The Ancient One: Arrogance and fear still keep you from learning the simplest and most significant lesson of all.

Dr Strange: Which is?

The Ancient One: It’s not about you.

The Ancient One: [on magic] You cannot beat a river into submission; you have to surrender to its current, and use its power as your own.

Dr. Stephen Strange: I control it by surrendering control? That doesn’t make any sense.

The Ancient One: Not everything does. Not everything has to. Your intellect has taken you far in life, but it will take you no further. Surrender, Stephen.

This would be and is kinda a hard lesson to learn for me as well. It’s surrendering to the fact that some things you just do by feel, such as work with horses. I try to analyze and understand horses from an intellectual standpoint, but what it comes down to is that I just need to be around them more and stop trying to think my way though things and just feel.

“We never lose our demons, Mordo. We only learn to live above them.”

And they finally let him in.

shamballa is a GREAT Wi-fi password btw!

The idea is that they pull energy from other dimensions to use in theirs. That’s a cool idea. I have a book idea of my own that uses something like that in it.

This is a hard movie to really give a lot of opinion and thought on. In other hands, it could be a very deep and thoughtful movie, but as a comic book movie, we want to see some action whereas I just want to ponder on how they do what they do.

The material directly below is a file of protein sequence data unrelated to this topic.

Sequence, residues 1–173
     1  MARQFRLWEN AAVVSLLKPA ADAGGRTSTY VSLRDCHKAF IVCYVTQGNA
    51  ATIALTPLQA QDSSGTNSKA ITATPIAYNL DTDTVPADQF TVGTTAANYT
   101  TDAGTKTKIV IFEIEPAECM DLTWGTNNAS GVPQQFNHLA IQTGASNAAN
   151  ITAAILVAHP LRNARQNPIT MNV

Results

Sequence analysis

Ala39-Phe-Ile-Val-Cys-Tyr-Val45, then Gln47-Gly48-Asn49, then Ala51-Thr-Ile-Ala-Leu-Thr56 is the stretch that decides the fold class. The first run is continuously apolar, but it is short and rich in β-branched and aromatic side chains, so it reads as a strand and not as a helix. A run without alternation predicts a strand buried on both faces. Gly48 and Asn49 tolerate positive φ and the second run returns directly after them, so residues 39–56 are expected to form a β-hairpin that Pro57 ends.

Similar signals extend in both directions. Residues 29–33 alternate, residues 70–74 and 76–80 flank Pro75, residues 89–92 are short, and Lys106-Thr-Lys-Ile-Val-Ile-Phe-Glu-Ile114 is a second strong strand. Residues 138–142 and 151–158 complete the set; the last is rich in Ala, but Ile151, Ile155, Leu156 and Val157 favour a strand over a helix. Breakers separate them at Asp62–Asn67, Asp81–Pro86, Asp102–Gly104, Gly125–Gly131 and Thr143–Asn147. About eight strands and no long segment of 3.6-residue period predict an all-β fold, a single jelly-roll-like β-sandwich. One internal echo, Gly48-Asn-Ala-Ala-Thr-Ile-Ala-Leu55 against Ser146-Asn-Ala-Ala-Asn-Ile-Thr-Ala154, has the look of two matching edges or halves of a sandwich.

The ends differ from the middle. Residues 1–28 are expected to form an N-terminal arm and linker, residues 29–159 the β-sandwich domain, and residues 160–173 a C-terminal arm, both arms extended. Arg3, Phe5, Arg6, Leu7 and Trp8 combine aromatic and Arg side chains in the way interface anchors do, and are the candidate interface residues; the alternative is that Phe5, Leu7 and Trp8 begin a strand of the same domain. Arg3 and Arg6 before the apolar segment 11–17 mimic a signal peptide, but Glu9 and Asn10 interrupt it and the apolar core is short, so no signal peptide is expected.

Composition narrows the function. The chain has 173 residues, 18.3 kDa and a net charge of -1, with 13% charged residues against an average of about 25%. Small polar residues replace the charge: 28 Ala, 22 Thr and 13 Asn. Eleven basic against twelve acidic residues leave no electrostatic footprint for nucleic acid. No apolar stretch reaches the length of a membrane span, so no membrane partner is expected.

As Strange is learning and training, I love the fact that The Ancient One doesn’t go lightly on him, but then again, she’s not shown anything of the sort. You have to work for what you learn here.

I loved when Strange was learning to use the sling ring for teleportation (essentially), The Ancient One takes him to Mount Everest and leaves him there. Mordo says, “Oh no, not again.” And I kinda wonder who he’s talking about here. The comparison between Kaecilius and Strange has already been mentions — did she do the same to Kaecilius?

And, of course, the shot we’ve all been waiting for — we get to see Ben’s chest. I think the only MCU movies we haven’t seen a bare chest in have been the Iron Man trilogy and Captain America: Civil War (come on, prove me wrong).

I loved the idea of Strange using his astral form not only to take the books from the library, but to sit and read them while his physical body is asleep.

At first, I thought when Strange started to use the Eye of Agamotto, that was his relic, then he found the Cloak of Levitation.

Stan Lee has a cameo where he’s reading The Doors of Perception by Aldous Huxley and says it’s ‘hilarious.’

From IMDB: In Stan Lee’s cameo, he is shown reading Aldous Huxley’s book The Doors of Perception, originally written in 1954 about Huxley’s mescalin drug trip and the psychedelic world he saw (much like what viewers see in this movie).

I thought that was great.

At the beginning of the movie, a former student of The Ancient One’s named Kaecilius breaks into the library and removes several pages from an ancient book on the study of time and then poof, they vanish after a fight.